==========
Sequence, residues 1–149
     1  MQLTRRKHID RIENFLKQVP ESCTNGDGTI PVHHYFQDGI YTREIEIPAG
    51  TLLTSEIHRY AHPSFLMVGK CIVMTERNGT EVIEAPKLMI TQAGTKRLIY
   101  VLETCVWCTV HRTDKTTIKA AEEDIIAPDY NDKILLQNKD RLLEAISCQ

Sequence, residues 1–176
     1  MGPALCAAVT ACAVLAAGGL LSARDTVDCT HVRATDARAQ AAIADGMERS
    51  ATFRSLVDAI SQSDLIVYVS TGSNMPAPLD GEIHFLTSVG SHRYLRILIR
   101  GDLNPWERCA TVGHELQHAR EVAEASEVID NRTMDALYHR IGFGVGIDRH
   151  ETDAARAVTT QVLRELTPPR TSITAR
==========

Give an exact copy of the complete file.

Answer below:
Sequence, residues 1–149
     1  MQLTRRKHID RIENFLKQVP ESCTNGDGTI PVHHYFQDGI YTREIEIPAG
    51  TLLTSEIHRY AHPSFLMVGK CIVMTERNGT EVIEAPKLMI TQAGTKRLIY
   101  VLETCVWCTV HRTDKTTIKA AEEDIIAPDY NDKILLQNKD RLLEAISCQ

Sequence, residues 1–176
     1  MGPALCAAVT ACAVLAAGGL LSARDTVDCT HVRATDARAQ AAIADGMERS
    51  ATFRSLVDAI SQSDLIVYVS TGSNMPAPLD GEIHFLTSVG SHRYLRILIR
   101  GDLNPWERCA TVGHELQHAR EVAEASEVID NRTMDALYHR IGFGVGIDRH
   151  ETDAARAVTT QVLRELTPPR TSITAR